Explore: Papua New Guinea
Papua New Guinea: The Last Frontier
Papua New Guinea (PNG) is a unique land, steeped in culture and mystery. The natural beauty and intricate history of this country beckon to be explored.
Situated directly north of Australia, in the center of the Asia-Pacific region, PNG is nestled in the Great Indo-Pacific Coral Triangle. Recognized internationally as a premier tropical dive destination, this area has twice as many marine species as the Red Sea, and up to ten times the Caribbean. The Bismarck, Solomon, and Coral Seas’ sweeping currents feed and enrich the marine environment.
Join the Terra EXPLORE Team aboard a research vessel on expedition to the Eastern Lobe of the Coral Triangle, the apex of marine biodiversity. We will circumnavigate the rarely visited, pristine, and biologically rich waters around the remote islands of Buka, Bougainville, and Carteret, which form the largest atoll of the North Solomon’s Province of Papua New Guinea. With 17,000 km of coastline, and seas containing 45,000 sq km of reef systems, crowds in the water column won’t be an issue. The immense diversity of sites include barrier reefs, coral walls, coral gardens, patch reef, fringing reefs, seagrass beds, coral atolls and wrecks.
This region is the least visited province of PNG and in many ways the most elusive, last frontier. Participate in the scientific exploration, documentation, and reporting of this unique environment with the prospect of new discoveries.
Our expedition begins off the culturally rich Buka island, one of the hallmarks of the undiscovered Papua New Guinea experience. These ancient coral reefs were formed by the seismic tectonic forces dominating this region of PNG. Buka is separated from Bougainville by Buka Passage, a tidal channel only 200-300m wide and a kilometer long that produces swift currents running in excess of 6 knots. Flat and covered in copra and cocoa plantations, Buka has much to offer both land and sea explorers alike. There is evidence of human occupation found in caves along the southwest coast that date back 30,000 years as well as more recent pottery remains from the Lapita culture dating back 3,000 years.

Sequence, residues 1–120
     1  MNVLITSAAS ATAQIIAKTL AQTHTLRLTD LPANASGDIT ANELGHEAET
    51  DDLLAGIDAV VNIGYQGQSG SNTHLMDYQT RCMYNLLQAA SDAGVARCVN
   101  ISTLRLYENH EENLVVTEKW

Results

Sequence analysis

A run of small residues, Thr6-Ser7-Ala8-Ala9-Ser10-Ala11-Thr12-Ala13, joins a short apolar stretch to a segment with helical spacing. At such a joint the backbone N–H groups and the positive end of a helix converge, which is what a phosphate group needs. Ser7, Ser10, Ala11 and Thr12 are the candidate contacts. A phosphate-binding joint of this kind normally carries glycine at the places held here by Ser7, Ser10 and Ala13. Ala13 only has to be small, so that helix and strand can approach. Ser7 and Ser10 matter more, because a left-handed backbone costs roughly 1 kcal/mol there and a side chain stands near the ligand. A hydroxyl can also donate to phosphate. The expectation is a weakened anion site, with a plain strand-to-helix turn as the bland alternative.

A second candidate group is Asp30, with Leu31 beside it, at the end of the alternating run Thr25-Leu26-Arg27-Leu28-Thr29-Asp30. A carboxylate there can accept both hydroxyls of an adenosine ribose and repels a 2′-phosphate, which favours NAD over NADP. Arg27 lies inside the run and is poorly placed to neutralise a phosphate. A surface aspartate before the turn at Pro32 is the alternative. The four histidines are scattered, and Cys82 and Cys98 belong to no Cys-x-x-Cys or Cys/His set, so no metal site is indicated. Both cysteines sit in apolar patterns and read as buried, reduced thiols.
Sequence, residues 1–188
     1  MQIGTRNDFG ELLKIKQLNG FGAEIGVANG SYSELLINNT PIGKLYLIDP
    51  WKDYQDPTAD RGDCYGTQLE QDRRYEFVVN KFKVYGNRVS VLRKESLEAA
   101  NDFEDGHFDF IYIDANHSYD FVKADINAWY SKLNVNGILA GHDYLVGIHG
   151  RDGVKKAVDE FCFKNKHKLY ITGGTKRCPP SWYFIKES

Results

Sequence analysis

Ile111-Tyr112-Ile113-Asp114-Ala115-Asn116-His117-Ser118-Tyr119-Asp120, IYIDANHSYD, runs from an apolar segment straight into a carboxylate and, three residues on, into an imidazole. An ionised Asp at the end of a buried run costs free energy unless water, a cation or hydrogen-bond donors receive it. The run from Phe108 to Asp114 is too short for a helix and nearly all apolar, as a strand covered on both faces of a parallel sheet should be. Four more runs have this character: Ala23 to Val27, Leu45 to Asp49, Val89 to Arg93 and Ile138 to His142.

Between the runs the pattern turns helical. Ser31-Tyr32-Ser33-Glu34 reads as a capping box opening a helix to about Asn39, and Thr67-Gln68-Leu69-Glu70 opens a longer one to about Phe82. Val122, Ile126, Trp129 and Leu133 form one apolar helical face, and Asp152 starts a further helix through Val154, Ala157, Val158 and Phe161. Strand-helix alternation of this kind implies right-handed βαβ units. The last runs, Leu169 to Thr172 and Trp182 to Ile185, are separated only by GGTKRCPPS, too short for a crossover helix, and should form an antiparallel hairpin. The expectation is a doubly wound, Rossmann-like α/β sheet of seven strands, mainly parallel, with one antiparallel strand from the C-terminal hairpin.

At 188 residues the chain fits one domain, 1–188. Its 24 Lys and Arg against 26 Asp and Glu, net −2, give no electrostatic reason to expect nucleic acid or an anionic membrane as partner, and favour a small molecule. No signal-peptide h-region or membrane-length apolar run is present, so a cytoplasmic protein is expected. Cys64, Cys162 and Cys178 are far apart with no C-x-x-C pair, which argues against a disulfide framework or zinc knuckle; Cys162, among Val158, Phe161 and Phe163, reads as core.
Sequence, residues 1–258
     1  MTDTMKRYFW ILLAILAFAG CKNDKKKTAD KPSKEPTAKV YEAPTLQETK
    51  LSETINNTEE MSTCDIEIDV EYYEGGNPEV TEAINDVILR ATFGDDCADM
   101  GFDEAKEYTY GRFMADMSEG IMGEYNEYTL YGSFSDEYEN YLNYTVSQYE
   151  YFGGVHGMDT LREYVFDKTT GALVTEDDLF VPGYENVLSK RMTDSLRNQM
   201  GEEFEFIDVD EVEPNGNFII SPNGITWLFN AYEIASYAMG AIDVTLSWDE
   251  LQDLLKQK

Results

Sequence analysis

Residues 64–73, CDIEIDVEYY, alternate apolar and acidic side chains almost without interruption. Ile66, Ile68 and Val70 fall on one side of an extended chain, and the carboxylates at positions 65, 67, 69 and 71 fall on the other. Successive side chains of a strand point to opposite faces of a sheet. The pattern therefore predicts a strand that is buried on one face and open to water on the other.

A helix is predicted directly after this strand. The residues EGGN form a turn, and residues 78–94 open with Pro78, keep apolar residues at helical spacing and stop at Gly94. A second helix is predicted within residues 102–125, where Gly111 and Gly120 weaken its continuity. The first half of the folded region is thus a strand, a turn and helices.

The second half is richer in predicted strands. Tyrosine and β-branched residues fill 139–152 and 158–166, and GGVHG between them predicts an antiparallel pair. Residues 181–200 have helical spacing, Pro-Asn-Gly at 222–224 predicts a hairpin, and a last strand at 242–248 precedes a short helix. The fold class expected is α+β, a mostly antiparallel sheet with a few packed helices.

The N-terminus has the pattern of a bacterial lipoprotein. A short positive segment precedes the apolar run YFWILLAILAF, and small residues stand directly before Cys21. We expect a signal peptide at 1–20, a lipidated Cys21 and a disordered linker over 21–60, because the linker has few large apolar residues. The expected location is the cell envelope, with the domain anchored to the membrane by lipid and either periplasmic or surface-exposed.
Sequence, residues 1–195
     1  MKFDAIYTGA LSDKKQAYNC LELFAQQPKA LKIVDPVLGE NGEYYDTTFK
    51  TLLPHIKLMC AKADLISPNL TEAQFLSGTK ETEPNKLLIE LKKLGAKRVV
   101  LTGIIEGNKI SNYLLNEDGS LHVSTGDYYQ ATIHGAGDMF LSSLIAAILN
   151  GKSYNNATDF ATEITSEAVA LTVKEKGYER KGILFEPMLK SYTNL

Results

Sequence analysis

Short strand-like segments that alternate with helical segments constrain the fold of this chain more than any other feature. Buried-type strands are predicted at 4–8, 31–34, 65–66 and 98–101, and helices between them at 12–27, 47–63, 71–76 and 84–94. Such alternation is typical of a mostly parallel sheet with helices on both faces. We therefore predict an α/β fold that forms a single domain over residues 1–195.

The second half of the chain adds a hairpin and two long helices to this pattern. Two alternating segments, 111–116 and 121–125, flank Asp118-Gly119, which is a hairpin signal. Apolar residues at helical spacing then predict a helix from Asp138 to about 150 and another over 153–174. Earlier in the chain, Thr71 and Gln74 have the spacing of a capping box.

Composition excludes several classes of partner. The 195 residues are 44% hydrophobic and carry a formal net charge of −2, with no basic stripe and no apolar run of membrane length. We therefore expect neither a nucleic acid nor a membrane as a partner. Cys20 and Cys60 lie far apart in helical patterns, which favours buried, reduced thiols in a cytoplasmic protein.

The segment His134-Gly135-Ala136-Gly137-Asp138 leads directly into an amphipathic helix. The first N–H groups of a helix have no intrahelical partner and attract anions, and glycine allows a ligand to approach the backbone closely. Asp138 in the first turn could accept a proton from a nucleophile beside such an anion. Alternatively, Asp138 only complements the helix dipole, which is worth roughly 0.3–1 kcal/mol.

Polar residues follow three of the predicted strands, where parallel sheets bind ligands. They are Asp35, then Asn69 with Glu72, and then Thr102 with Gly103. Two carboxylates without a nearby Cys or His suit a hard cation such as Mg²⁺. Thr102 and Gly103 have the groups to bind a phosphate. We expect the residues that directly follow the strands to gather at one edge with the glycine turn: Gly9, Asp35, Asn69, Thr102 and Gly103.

Bougainville is a rugged, volcanic island that has seen little development. This island has lush tropical forests, towering volcanoes, rushing rivers, azure lagoons, plunging waterfalls, and giant caves. At just over 200km long, the central spine made of the Crown Prince, Emperor, and Deuro ranges is an awe-inspiring sight. Mount Balbi, a dormant volcano, is the islands’ highest peak (2685m), and Mount Bagana, an active volcano (1730m) is most often seen spewing great plumes of steam and ash. The island is even home to the largest cave in the southern hemisphere, Benua Cave, which could quite possibly be the largest in the world , with a single cavernous chamber measuring an astounding 4.5 million cubic meters, enough space to accommodate 15 football fields.
Buka and Bougainville islands contain some of the last great, unexplored reefs and wrecks within the Greater Tropical Southwest Pacific Basin. The diversity of marine life is unmatched anywhere else on the planet.
Carteret, an atoll situated some 50 nautical miles northeast of Buka, consists of a small low-lying islands arrayed in a 30km horseshoe along its north-south axis with a maximum elevation 1.5m above sea level. This atoll lies on the western edge of the Ontong Java Plateau (OJP), the largest single topographic feature yet discovered covering a contiguous 1% of the earth’s surface and a volume of 80,000,000 cubic kilometers.